Back in May I was fortunate enough to participate in the American Farm Bureau Federation's Conversations on Animal Care Initiative training session in Huntsville, Alabama. A website, Conversations on Animal Care, has been developed as a compliment piece to the project. I was fortunate enough to be one of three farmers whose "testimonial" about the program was published on the website. I'd like to send out a big "thank you" to Beth Davis of Osborn & Barr Communications for her work on my story.

I would certainly encourage anyone in animal agriculture to participate in this program if given the opportunity. We all know the well-being of our animals is critical to our success as farmers and ranchers, but unfortunately we've taken for granted that our customers understand this principle. All to often, the first voice (and the loudest voice) the public hears from on the subject of animal care comes from individuals and organizations who are seeking to brand us as inhumane. It is imperative that we as producers take the offensive in telling our story, the REAL story, and give the American consumer the piece of mind of knowing that we are providing the safest food products in the world and are giving our animals the highest standard of care.

Can we plant?

Can we plant? That's the question I hope to answer within the hour. We're a little over 50 acres short of planting all the BMR sudex we inteded to drill in this summer due to the dry conditions. We've received some rainfall over the last couple of evenings, so I'm hopefull that the ground has softened up enough to run our grain drill over it.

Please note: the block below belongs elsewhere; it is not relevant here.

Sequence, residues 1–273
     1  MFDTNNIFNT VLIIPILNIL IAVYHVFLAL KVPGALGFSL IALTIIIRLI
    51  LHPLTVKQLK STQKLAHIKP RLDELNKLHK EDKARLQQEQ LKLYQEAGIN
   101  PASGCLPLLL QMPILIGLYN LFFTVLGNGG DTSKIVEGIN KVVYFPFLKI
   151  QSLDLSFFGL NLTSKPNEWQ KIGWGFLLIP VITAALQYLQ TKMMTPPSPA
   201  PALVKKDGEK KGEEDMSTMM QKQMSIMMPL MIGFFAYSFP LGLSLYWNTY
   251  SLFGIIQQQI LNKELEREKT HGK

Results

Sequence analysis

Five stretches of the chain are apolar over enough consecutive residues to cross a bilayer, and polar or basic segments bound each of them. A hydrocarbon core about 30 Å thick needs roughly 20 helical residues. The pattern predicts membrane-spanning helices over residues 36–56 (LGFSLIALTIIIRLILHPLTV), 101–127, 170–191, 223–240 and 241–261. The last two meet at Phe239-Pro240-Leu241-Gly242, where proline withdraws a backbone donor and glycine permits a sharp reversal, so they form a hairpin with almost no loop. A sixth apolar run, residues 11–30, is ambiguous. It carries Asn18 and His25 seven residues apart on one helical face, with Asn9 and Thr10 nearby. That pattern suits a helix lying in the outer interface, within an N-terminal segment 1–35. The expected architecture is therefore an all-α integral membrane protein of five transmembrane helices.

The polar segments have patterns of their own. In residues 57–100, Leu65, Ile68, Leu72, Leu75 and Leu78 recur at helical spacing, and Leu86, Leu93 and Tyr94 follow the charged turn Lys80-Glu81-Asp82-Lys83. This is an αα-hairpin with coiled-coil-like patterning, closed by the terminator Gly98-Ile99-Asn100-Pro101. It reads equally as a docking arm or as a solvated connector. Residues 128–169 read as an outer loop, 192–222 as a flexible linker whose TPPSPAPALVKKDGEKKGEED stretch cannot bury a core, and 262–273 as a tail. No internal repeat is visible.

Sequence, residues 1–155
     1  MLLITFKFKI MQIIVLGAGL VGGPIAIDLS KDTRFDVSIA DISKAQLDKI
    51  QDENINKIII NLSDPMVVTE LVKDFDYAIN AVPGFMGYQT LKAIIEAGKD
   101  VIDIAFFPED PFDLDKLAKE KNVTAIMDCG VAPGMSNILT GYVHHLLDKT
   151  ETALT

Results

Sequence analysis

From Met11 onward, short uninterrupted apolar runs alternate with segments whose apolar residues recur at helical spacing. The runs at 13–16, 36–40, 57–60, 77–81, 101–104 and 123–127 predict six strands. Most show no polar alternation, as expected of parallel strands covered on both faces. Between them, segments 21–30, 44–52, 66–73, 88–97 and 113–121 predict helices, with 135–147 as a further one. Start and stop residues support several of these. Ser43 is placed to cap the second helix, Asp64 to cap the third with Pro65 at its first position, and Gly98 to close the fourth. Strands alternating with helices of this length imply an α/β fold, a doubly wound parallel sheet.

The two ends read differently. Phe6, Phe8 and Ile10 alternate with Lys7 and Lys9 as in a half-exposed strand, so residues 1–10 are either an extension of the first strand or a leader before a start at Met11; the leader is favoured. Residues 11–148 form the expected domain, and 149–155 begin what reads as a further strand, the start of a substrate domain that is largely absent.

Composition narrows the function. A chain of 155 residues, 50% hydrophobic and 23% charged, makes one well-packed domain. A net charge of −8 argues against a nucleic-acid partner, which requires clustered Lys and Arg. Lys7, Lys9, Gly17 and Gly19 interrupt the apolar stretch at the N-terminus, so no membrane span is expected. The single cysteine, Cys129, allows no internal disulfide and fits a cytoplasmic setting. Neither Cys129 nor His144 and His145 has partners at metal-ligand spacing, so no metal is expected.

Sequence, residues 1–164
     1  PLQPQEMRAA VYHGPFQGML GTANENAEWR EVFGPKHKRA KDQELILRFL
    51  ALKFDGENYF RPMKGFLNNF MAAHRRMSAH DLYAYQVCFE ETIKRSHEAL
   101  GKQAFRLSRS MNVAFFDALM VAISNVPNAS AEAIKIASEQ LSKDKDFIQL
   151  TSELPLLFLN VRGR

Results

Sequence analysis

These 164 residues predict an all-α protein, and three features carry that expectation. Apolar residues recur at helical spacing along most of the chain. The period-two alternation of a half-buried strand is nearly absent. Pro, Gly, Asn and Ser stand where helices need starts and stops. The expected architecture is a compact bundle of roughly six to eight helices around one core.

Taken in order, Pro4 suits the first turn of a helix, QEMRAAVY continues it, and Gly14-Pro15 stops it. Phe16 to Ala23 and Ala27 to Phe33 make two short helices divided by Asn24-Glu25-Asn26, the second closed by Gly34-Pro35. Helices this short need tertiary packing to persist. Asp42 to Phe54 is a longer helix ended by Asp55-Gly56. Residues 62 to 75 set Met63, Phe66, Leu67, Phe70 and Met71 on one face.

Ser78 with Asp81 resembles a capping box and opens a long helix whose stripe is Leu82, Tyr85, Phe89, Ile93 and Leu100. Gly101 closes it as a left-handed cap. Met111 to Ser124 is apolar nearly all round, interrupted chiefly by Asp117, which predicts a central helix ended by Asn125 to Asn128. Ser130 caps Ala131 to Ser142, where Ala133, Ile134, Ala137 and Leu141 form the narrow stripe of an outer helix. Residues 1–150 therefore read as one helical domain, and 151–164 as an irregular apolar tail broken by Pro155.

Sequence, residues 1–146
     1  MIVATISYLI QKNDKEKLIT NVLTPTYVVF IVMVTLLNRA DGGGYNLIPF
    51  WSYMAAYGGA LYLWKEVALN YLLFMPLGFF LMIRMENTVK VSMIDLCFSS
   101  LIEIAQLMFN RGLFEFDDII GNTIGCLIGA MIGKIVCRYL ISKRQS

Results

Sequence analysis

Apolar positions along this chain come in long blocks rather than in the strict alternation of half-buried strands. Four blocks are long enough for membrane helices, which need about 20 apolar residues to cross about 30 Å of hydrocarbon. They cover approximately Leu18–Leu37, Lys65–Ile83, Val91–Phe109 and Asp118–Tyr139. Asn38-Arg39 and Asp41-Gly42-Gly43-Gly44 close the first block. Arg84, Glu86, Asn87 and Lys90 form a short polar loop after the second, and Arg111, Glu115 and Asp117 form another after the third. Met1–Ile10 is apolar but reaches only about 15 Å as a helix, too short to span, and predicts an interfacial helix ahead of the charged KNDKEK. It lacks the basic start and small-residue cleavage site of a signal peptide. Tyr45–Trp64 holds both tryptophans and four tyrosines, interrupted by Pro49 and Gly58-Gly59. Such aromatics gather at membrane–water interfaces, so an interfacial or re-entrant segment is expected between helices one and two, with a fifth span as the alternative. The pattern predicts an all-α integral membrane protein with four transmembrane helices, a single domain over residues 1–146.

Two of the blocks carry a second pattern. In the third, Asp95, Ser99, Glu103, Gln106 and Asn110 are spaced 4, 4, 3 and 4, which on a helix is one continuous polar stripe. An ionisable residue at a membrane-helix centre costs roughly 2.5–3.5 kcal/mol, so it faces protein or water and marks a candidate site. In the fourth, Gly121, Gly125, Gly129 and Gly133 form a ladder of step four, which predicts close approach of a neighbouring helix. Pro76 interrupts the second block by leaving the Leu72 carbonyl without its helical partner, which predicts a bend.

As late as we're getting into the summer, we may only plant about half of our remaining acreage. This would allow us to get an early jump on our fall planting (wheat, oats, ryegrass, etc.).

Monday, July 21, 2008

Ready to irrigate

The weather forecast has changed a little bit and is showing a slightly better chance for rain later in the week, but I've decided to go ahead and apply liquefied natural fertilizer on the only 11 acres of BMR sudex we've planted so far. It's not showing a very good stand and the ground is like concrete. I'm hoping that I can soften it up enough tonight that some more of it will come up. I'll probably run tonight from about 6:30 to 11:00.

Sunday, July 20, 2008

Home again, still hot

While my wife and son went to a water park with a bunch of folks from church this afternoon, I got to make feed for our cows. Really, the only complaint I have about it is that one of the tractors I have to use has a broken air conditioner, which makes it like riding in a greenhouse.